Benford's G&S Lexicon Entries for Iolanthe

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Enter part of a term; e.g., "gill" for Gillow's.

Act II

Penny ice [penny ice and cold meat]

Prestige (243) assures us this is "a quantity of ice cream purchased for a penny from a street vendor."

Sloane Square and South Kensington Stations

These are adjacent stations in the London transit system near where Gilbert lived in South Kensington. He claimed, incidentally, that the plot for his short story and, later, play Comedy and Tragedy came to him while riding between the two stations (140).

Devon [who started that morning from Devon]

A shire (county) in the southwest of England, just east of Cornwall.

Four-wheeler

Prestige (243) explains that this is a horse-drawn hackney carriage, that is, a vehicle that you could hire. The word hackney is apparently derived from the French haquenée, an ambling nag (41).

Round games

Card games in which each player takes his turn in sequence around the table, playing for himself, without a partner.

Clocks [the black silk with gold clocks]

Ornamental stitchings on socks, on each side of the ankle.

Salisbury Plain [crossing Salisbury Plain on a bicycle]
Sketch of Crossing Salisbury Plain on a bicycle

A rolling countryside in the southwest part of England. Its best-known attraction is Stonehenge.

Tars [he's telling the tars]

Common sailors. See HMS Pinafore for derivation.

Cables [from cough mixtures to cables]

Heavy ropes such as those used to anchor ships.

Boot-tree [first take off his boots with a boot-tree]
Bab sketch of large spadesman, small tradesman, and boot-tree (or boot-jack)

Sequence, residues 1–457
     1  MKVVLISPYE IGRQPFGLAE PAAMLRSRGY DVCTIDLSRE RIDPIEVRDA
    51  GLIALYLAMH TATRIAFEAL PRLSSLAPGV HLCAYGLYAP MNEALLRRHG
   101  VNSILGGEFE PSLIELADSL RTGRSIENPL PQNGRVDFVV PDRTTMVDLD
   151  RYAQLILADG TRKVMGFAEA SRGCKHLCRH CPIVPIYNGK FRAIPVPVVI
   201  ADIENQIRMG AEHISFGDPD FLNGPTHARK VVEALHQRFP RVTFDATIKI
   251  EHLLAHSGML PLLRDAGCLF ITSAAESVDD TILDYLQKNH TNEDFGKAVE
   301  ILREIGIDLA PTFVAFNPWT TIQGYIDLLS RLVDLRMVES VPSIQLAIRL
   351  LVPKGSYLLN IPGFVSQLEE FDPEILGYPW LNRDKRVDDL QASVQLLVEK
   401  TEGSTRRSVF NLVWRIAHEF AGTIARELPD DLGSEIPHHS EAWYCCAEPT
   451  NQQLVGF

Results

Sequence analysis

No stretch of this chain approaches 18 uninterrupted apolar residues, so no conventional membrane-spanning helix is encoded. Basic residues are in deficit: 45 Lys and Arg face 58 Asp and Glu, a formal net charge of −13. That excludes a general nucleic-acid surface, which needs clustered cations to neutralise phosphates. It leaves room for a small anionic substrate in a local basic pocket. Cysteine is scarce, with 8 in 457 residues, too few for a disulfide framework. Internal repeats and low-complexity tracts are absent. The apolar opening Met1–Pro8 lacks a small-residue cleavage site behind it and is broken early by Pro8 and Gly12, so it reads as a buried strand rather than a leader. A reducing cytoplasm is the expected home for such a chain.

A boot-tree is a device used to stretch a boot or keep it in shape. That isn't what Gilbert meant; he meant a boot-jack, a notched board used to restrain the heel while extracting one's foot from a boot. The cartoon, which Gilbert himself drew to illustrate the song, shows what he really had in mind.

Greengrocer [From the greengrocer tree]

A retailer of fresh fruits and vegetables.

Apple puffs

Light, baked pastries containing thinly sliced apples and various other delicious components. Never pass up a chance to accept one when served hot, and especially mit Schlag.

Three-corners

These are presumably what are more commonly known as turnovers: a triangular, filled pastry.

Banburys

A special kind of cake first made in Banbury, Oxfordshire (75). Webster (307) adds that they are tarts with a fruit and raisin filling. Brewer (54) says they are "a spiced pastry turnover." Burgess (60) says they are Danish in origin. I don't know about you readers, but my stomach is beginning to gurgle. Let us move on to less filling matters.

Rothschild [are taken by Rothschild and Baring]

This refers to the Rothschild family of international bankers. The firm was founded by Mayer Anselm Rothschild (1743-1812) of Frankfurt-am-Main. Each of his five sons established banks in different European cities. One of his grandsons, Lionel Nathan Rothschild, was the first Jew admitted to the English Parliament, and his son was made a baron (105).

Baring

An English family of bankers, also with German roots. The brothers Francis and John started the firm in 1770. Francis was made a baron in 1793. Recently a Dutch bank rescued the establishment, which had fallen on hard times (60).

Andante [given andante in six-eight time]

Moderately slow -- not at all like the bulk of that nightmare song.

Six-eight time

The musical time signature used in most of the songs in the show, including the nightmare song (48).

Maidie [the charming maidie]

A single woman, with modest variation to rhyme with lady.

Shies [He who shies]

To swerve suddenly aside, as a startled horse.

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